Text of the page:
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Adaptation of a Cyanobacterium to a Biochemically Rich Environment in Experimental Evolution as an Initial Step toward a Chloroplast-Like State

  • Kazufumi Hosoda ,

    Contributed equally to this work with: Kazufumi Hosoda, Masumi Habuchi

    Affiliation Institute for Academic Initiatives, Osaka University, Suita, Osaka, Japan

  • Masumi Habuchi ,

    Contributed equally to this work with: Kazufumi Hosoda, Masumi Habuchi

    Affiliation Department of Frontier Biosciences, Graduate School of Frontier Biosciences, Osaka University, Suita, Osaka, Japan

  • Shingo Suzuki,

    Affiliation Quantitative Biology Center, RIKEN, Suita, Osaka, Japan

  • Mikako Miyazaki,

    Affiliation Department of Biotechnology, Graduate School of Engineering, Osaka University, Suita, Osaka, Japan

  • Go Takikawa,

    Affiliation Department of Bioinformatic Engineering, Graduate School of Information Science and Technology, Osaka University, Suita, Osaka, Japan

  • Takahiro Sakurai,

    Affiliation Department of Bioinformatic Engineering, Graduate School of Information Science and Technology, Osaka University, Suita, Osaka, Japan

  • Akiko Kashiwagi,

    Affiliation Faculty of Agriculture and Life Science, Hirosaki University, Hirosaki, Aomori, Japan

  • Makoto Sueyoshi,

    Affiliation Department of Bioinformatic Engineering, Graduate School of Information Science and Technology, Osaka University, Suita, Osaka, Japan

  • Yusuke Matsumoto,

    Affiliation Department of Bioinformatic Engineering, Graduate School of Information Science and Technology, Osaka University, Suita, Osaka, Japan

  • Ayako Kiuchi,

    Affiliation Department of Biotechnology, Graduate School of Engineering, Osaka University, Suita, Osaka, Japan

  • Kotaro Mori,

    Affiliation Department of Frontier Biosciences, Graduate School of Frontier Biosciences, Osaka University, Suita, Osaka, Japan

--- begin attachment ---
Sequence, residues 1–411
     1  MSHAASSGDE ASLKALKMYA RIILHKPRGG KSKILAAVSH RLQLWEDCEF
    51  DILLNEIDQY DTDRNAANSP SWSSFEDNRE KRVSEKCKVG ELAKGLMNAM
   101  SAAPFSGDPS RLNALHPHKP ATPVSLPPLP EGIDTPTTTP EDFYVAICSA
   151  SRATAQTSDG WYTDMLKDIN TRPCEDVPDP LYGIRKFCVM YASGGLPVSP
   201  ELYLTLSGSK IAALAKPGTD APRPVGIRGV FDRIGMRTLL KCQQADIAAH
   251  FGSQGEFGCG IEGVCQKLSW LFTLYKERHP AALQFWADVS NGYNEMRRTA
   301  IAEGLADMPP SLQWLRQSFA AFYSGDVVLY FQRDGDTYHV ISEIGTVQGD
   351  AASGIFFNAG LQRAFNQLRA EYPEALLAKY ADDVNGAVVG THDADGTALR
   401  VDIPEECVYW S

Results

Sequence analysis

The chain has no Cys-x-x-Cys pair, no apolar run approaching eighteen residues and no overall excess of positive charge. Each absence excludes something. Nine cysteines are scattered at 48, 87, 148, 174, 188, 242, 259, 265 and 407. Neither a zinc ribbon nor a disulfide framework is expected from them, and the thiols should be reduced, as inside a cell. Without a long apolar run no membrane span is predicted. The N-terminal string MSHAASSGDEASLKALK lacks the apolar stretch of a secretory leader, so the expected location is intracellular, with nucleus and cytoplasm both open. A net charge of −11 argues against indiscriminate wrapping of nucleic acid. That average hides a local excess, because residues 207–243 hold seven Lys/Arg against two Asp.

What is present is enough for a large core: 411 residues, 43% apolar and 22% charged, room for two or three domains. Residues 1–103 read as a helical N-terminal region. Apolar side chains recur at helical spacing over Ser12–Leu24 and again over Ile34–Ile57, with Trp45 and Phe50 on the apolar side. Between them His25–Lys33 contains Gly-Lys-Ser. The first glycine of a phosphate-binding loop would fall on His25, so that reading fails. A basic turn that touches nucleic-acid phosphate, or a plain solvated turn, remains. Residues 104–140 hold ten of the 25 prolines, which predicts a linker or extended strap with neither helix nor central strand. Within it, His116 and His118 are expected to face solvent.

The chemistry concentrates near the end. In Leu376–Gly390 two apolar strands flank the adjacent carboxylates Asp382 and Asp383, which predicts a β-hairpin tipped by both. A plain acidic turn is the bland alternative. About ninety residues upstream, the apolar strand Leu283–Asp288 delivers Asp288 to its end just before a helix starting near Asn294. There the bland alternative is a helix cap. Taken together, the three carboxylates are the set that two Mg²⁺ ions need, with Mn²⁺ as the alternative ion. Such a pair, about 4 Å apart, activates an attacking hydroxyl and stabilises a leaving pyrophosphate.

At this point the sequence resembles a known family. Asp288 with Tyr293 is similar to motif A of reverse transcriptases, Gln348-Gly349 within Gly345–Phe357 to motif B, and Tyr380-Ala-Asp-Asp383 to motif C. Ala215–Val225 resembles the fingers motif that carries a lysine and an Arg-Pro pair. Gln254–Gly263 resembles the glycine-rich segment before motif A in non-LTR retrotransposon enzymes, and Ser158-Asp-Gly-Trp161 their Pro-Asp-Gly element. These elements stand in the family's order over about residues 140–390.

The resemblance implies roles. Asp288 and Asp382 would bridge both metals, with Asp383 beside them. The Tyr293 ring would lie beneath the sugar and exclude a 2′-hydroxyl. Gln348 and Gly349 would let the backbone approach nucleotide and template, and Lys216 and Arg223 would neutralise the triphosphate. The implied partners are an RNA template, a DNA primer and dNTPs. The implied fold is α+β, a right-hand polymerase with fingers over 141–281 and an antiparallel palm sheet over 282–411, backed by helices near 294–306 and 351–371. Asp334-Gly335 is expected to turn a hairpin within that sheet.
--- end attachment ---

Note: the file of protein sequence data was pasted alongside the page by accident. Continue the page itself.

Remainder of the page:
• Tetsuya Yomo

    yomo@ist.osaka-u.ac.jp

    Affiliations Department of Frontier Biosciences, Graduate School of Frontier Biosciences, Osaka University, Suita, Osaka, Japan, Department of Bioinformatic Engineering, Graduate School of Information Science and Technology, Osaka University, Suita, Osaka, Japan, Exploratory Research for Advanced Technology (ERATO), Japan Science and Technology Agency, Suita, Osaka, Japan

Adaptation of a Cyanobacterium to a Biochemically Rich Environment in Experimental Evolution as an Initial Step toward a Chloroplast-Like State

  • Kazufumi Hosoda, 
  • Masumi Habuchi, 
  • Shingo Suzuki, 
  • Mikako Miyazaki, 
  • Go Takikawa, 
  • Takahiro Sakurai, 
  • Akiko Kashiwagi, 
  • Makoto Sueyoshi, 
  • Yusuke Matsumoto, 
  • Ayako Kiuchi
PLOS
x

Abstract

Chloroplasts originated from cyanobacteria through endosymbiosis. The original cyanobacterial endosymbiont evolved to adapt to the biochemically rich intracellular environment of the host cell while maintaining its photosynthetic function; however, no such process has been experimentally demonstrated. Here, we show the adaptation of a model cyanobacterium, Synechocystis sp. PCC 6803, to a biochemically rich environment by experimental evolution. Synechocystis sp. PCC 6803 does not grow in a biochemically rich, chemically defined medium because several amino acids are toxic to the cells at approximately 1 mM. We cultured the cyanobacteria in media with the toxic amino acids at 0.1 mM, then serially transferred the culture, gradually increasing the concentration of the toxic amino acids. The cells evolved to show approximately the same specific growth rate in media with 0 and 1 mM of the toxic amino acid in approximately 84 generations and evolved to grow faster in the media with 1 mM than in the media with 0 mM in approximately 181 generations. We did not detect a statistically significant decrease in the autotrophic growth of the evolved strain in an inorganic medium, indicating the maintenance of the photosynthetic function. Whole-genome resequencing revealed changes in the genes related to the cell membrane and the carboxysome. Moreover, we quantitatively analyzed the evolutionary changes by using simple mathematical models, which evaluated the evolution as an increase in the half-maximal inhibitory concentration (IC50) and estimated quantitative characteristics of the evolutionary process. Our results clearly demonstrate not only the potential of a model cyanobacterium to adapt to a biochemically rich environment without a significant decrease in photosynthetic function but also the properties of its evolutionary process, which sheds light of the evolution of chloroplasts at the initial stage.